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"it's just going to be an mp3, anyway"
Old 13th May 2006
  #1
Lives for gear
 
4 Reviews written
🎧 15 years
"it's just going to be an mp3, anyway"

WRONG.

It's more likely going to be the iPod proprietary format (.acc?), broadcast over 89.3FM, cut off at 15khz, and sounding like absolute garbage.

I'm still in awe at how my friends think their iPods are so cool and "it's so easy to play in my car! I can't tell the difference in sound, you're crazy..".


Anyone got a theory about this?
Old 13th May 2006
  #2
Lives for gear
 
🎧 15 years
It's all a matter of relativity. Years ago when I was a kid, we had 9 transitor radios that were the hot thing, but REALLY sounded like crap, you could barely make out the announcer broadcasting a baseball game....so the mp3 and ipod craze is light years ahead in sound quality from that.
Old 13th May 2006 | Show parent
  #3
Gear Guru
 
theblue1's Avatar
 
🎧 15 years
Actually, it's the DRM component in the AAC's that Apple sells that are proprietary, AIUI. The format itself was developed, I'm told, by a consortium of Apple, Sony, Fraunhofer, and others. (Correction welcome, if necessary.)

I would say the consensus is that AAC, like WMA, and Ogg and probably some other advanced formats, sound better at a given bitrate than Mp3s. (At least in the 'lower' bitrates.)


I'd have to say that, as I see it, the main problem with iTunes product, as well as that sold by Napster and some others, is that the bitrate is restricted to 128 kbps. (Whether AAC or WMA, as the other stores sell.)

My subscription service also uses WMA, but it uses a 160 kbps average VBR rate, which provides, by and large, a considerably higher fidelity than files and streams restricted to a 128 kbps CBR. (MusicMatch On Demand. There are some recent content availability issues, there, though. Apparently at least one major label, EMI, pulled some or all of their content from subscription.)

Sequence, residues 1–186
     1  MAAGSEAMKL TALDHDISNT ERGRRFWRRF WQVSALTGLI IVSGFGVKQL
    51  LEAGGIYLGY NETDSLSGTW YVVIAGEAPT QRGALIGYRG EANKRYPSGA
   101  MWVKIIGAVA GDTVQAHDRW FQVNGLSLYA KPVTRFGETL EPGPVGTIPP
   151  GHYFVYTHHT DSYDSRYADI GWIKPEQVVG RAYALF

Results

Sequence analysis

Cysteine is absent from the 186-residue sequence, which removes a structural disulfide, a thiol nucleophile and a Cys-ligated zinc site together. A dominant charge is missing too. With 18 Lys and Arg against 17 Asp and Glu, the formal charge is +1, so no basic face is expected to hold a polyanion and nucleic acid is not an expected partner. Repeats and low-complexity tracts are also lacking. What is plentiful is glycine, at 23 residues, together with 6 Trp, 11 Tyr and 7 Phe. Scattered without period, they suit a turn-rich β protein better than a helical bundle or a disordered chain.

ANYhow... I actually thought this thread was going to be about the care and effort some of us put into our mixes (not me heh ) only to see them reduceed to lower fi data-compressed formats.

And I was gonna say that, yeah, that sucks BUT it's no reason to stop lavishing care on your mixes.

Because, in my experience, perceptual encoding algorithms just make a BAD mix that much worse, magnifying negative issues.

But I hear some content (particularly from some of those studio wizards in Nashville -- now if they could just do something about the CONTENT heh ) that just sparkles (at least at 160) in defiance of all expectation. SOME of those guys can get a big, fat, competitively loud signal that DOESN'T sound squashed or lifeless and stands up really well to perceptual encoding...
Old 13th May 2006 | Show parent
  #4
Lives for gear
 
🎧 15 years
no mainstream song or material mixed for average users should rely on spectral components above 12k !
everything should be decent and perfect anyway, but some producers have a top end contest running like horny teen dudes and when their material is played back on a boombox or PC speaker ist sucks _musically_ because they placed important information too high in the frequency range.